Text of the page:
All they had to do was complete their coursework and pass a battery of tests.
Representatives from Ingalls Shipbuilding, a company that builds ships for the U.S. Navy, visited the year-old school in Kennesaw to seek out new welders for its base in Pascagoula, Miss. But they face a growing shortage of welders nationwide.
Four recent graduates of the Georgia Trade School completed two welding tests, as well as a written test on welding techniques, and were offered jobs on the spot Thursday.
Going home with a job
Eleven of the school’s students have tested for Ingalls since September 2012, and all 11 have been offered jobs.
Juan Martinez, 23, graduated from Kennesaw Mountain High School in 2009. He spent some time working at his dad’s Kennesaw taco shop, La Fogata, before enrolling in welding school this year. After bumping into one of his high school friends who had graduated from Georgia Trade School’s program and found work immediately, Martinez said he enrolled at the school the next day.
Martinez tested and passed the two welding tests Thursday, and was offered a job on the spot. He said he is planning to move to Mississippi in January with the other three graduates who passed the tests and were offered jobs as well.
“Whatever the stereotype is of a welder or trade worker is quickly changing, and they (trades workers) are having the last laugh, every one of our students has gotten employment,” said Sean Quinton, co-owner of the school with Ryan Blythe.
300,000 welder positions go unfilled
With the country’s baby boomers retiring at a rapid rate, many of the nation’s skilled-labor jobs are going unfilled, which does not bode well for big industrial builders like Ingalls, said David Cobb, a representative of the company.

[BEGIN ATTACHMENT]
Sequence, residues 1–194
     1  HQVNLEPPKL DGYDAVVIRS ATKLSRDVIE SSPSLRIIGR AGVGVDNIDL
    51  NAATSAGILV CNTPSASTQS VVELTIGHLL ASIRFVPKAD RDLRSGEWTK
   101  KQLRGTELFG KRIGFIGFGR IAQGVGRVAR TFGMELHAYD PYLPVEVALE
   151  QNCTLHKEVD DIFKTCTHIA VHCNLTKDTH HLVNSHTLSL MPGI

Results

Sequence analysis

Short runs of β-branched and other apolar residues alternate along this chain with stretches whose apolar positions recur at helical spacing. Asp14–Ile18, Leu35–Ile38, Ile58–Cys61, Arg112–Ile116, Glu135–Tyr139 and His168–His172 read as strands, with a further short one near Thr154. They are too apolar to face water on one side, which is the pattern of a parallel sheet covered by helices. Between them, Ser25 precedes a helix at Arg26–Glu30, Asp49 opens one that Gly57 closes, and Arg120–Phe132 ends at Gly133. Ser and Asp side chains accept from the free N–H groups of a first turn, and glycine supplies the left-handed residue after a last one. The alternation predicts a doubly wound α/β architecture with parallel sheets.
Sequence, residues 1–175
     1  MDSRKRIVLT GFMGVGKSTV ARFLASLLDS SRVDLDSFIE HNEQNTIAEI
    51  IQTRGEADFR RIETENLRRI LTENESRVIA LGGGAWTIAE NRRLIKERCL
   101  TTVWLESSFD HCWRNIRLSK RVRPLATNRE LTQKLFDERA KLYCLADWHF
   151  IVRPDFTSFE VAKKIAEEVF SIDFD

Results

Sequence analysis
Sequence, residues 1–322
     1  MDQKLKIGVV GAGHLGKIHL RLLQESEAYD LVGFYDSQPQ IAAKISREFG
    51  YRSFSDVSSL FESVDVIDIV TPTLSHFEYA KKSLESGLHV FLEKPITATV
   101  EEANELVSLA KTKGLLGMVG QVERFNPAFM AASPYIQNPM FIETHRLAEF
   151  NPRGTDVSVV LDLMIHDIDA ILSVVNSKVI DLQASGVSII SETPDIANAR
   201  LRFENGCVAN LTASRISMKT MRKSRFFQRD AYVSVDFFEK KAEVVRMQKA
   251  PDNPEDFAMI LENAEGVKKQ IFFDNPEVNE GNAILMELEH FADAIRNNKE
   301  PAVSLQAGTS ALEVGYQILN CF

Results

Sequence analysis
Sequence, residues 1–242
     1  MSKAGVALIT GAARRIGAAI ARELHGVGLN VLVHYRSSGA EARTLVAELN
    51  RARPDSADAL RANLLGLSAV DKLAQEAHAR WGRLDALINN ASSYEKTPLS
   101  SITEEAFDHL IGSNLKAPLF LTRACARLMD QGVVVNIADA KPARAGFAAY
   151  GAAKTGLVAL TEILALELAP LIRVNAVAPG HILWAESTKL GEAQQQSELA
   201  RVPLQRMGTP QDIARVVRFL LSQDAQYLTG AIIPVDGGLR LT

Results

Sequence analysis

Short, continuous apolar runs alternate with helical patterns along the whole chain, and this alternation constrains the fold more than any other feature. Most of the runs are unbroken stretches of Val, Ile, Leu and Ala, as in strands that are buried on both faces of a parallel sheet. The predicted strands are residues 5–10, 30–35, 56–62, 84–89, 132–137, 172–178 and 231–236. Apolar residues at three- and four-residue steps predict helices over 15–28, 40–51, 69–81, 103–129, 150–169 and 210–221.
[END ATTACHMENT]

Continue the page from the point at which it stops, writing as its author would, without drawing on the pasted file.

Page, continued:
“We are 300,000 welders short in the country now, and in two to three years, there will be 500,000 empty welding jobs,” he told a group of students Thursday.
Welding, the act of heating metals to fuse them together, is a 5,000-year-old trade first created by the Egyptians, Cobb said. It is necessary for building things like ships, tables and cars. While many factories are now able to do some minor welding with machines and robots, Cobb said there will always be the need for a person in a factory to put things together with their hands.
“The future of welding is outstanding. You’ve selected an outstanding trade,” he said.
Shipyards looking for workers
Founded in 1938, Ingalls Shipbuilding builds ships for the nation’s military. The company employs thousands of workers who construct multimillion dollar ships, many of which take years to complete. At the base in Pascagoula, Ingalls employs about 10,000 people working to build ships, Cobb said. He held up a picture of a $1.4 million ship that lands U.S. Marines across the world and took about three years to build. Another picture displayed an $800 million ship longer than three football fields that held about 1 million gallons of fuel.
Welders are needed to build these boats and there are not enough trained people to do the jobs anymore, Cobb said.
“A lot of people haven’t woken up to the fact that we are so behind on having skilled workers,” said Carlos Lett, Ingalls’ human resources director.